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Video Games and Computer Holding Power Sherry Turkle I watch a thirteen-year-old girl in a small family café in New York City’s Little Italy. Four electronic games lined up near the door clash with the murals of Italian seacoasts. The child too seems out of place. She is angry and abusive to the café owner when he asks her if she would like something to eat. “Get the fuck away from me. I’m fucking playing your fucking games.” The man shrugs, apparently used to the abuse of thirteen yearolds.The girl is playing Asteroids. A spaceship under her control is being bombarded by an asteroids shower. There are separate control buttons for steering, accelerating, and decelerating the spaceship and for firing its rocket guns against threatening asteroids and enemy ships. The player must keep up a steady stream of missiles as she maneuvers the ship. The finger on the “Fire” button must maintain a rapid staccato, an action that is tense and tiring. The girl is hunched over the console. When the tension momentarily lets up, she looks up and says, “I hate this game.” And when the game is over she wrings her hands, complaining that her fingers hurt. For all of this, she plays every day “to keep up my strength.” She neither claims nor manifests enjoyment in any simple sense. One is inclined to say she is more “possessed” by the game than playing it. The children playing with Merlin, Simon, Big Trak, and Speak and Spell at the shore—discussing whether their computer games could really cheat—were displaying that combination of innocence and profundity which leads many of us to believe in Piaget’s model of “the child as philosopher.” The scene on the beach had an aura of charming solemnity. The scene in the café, like that in thousands of arcades and in millions of homes, is more violent. Somewhat older children—from around nine or ten on—are in a relationship to the machine that seems driven, almost evoking an image of addiction. Children musing about objects and their nature has given way to children in contest. Reflection has given way to domination, ranking, testing, proving oneself. Metaphysics has given way to mastery. For the girl in the café, mastery of her game was urgent and tense. There is the sense of a force at work, a “holding power” whose roots are aggressive, passionate, and eroticized. There has been controversy about video games from the days of Space Invaders and Asteroids, from the time that the games’ holding power provoked people who saw it as a sign of addiction to become alarmed. The controversy intensified as it became clear that more than a “games craze” was involved. This was not the Hula-Hoop of the 1980s. By 1982 people spent more money, quarter by quarter, on video games than they spent on movies and records combined. And although the peak of excitement about the games may have passed with their novelty, video games have become part of the cultural landscape.

Not all of the arguments against video games can be taken at face value, for the debate is charged with feelings about a lot more than the games themselves. Protest against video games carries a message about how people feel about computers in general. In the past decade, and without people having had anything to do or say about it, computers have entered almost every aspect of daily life. By 1983 the computer had become so much and so active a part of the everyday that Time magazine chose it to fill the role usually given to a Man or Woman of the Year. Only one other gift of science has been so universally recognized as marking a new era of human life. That was atomic energy. It is an understatement to say that people are ambivalent about the growing computer presence: we like new conveniences (automated bank tellers, faster supermarket lines), but on the eve of a new era we, by definition, do not know where we are. The changes have been rapid and disquieting. We are ill at ease even with our children, who are so much at ease with a technology that many of us approach at arm’s length. They take it for granted. To them it is not a new technology but a fact of life. They come home from school and casually report that they are “learning programming.” The comment evokes mixed feelings. Parents want their children to have every advantage, but this new expertise estranges them. It seems to threaten a new kind of generation gap that feels deep and difficult to bridge. And so, for many people, the video game debate is a place to express a more general ambivalence: the first time anybody asked their opinion about computers was when a new games arcade applied for a license in their community or when the owner of a small neighborhood business wanted to put a game or two into a store. It is a chance to say, “No, let’s wait. Let’s look at this whole thing more closely.” It feels like a chance to buy time against more than a video game. It feels like a chance to buy time against a new way of life. Video games are a window onto a new kind of intimacy with machines that is characteristic of the nascent computer culture. The special relationship that players form with video games has elements that are common to interactions with other kinds of computers. The holding power of video games, their almost hypnotic fascination, is computer holding power. The experiences of video game players help us to understand this holding power and something else as well. At the heart of the computer culture is the idea of constructed, “rulegoverned” worlds. I use the video game to begin a discussion of the computer culture as a culture of rules and simulation.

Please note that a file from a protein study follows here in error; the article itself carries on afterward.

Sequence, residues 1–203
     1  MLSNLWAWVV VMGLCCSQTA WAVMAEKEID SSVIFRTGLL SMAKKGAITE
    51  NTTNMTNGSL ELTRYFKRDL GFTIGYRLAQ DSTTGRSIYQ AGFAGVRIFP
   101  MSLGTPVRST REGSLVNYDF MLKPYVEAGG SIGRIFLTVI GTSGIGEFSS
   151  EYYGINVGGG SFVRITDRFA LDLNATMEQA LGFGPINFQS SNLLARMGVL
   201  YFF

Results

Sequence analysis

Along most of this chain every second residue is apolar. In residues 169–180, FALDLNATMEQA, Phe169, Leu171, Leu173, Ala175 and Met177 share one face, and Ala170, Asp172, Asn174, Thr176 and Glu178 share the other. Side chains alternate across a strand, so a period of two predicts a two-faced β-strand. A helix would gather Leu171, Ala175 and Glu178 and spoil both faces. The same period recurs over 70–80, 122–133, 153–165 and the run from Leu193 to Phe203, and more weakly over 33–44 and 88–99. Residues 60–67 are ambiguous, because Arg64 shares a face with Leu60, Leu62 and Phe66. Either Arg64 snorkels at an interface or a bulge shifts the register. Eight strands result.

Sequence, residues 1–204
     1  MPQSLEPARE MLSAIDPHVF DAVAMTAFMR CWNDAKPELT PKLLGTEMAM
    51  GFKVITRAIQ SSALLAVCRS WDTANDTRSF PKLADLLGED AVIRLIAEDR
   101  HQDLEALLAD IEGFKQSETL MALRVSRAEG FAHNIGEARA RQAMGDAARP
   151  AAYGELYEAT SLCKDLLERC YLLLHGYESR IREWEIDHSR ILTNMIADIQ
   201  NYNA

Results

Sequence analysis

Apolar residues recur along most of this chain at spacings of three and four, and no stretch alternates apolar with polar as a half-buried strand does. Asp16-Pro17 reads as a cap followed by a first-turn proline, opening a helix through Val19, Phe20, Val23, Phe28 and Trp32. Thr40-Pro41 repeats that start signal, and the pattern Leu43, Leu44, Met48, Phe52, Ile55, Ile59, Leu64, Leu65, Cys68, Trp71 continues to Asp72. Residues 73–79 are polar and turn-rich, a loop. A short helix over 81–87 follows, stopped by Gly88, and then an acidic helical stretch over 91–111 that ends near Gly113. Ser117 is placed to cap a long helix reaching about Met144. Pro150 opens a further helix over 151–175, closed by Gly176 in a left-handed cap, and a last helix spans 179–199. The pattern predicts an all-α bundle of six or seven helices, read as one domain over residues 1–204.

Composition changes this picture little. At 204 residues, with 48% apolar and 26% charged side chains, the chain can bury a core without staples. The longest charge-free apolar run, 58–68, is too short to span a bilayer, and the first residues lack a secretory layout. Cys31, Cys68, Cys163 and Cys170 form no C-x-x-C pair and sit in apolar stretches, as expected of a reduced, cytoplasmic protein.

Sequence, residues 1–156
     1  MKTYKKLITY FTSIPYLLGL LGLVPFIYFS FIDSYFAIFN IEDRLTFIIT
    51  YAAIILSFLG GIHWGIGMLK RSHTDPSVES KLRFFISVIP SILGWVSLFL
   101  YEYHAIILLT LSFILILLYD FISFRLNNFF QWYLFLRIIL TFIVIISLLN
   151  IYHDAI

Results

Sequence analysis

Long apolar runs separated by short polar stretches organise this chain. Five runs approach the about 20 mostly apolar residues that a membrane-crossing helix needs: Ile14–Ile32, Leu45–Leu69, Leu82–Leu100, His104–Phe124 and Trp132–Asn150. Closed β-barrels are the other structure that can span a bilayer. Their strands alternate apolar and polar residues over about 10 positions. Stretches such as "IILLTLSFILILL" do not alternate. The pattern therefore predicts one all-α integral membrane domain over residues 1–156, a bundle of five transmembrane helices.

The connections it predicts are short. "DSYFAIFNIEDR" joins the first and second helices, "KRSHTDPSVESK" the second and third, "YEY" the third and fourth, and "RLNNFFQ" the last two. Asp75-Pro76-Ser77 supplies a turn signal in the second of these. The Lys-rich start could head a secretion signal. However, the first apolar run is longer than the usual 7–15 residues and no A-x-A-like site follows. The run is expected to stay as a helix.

Sherry Turkle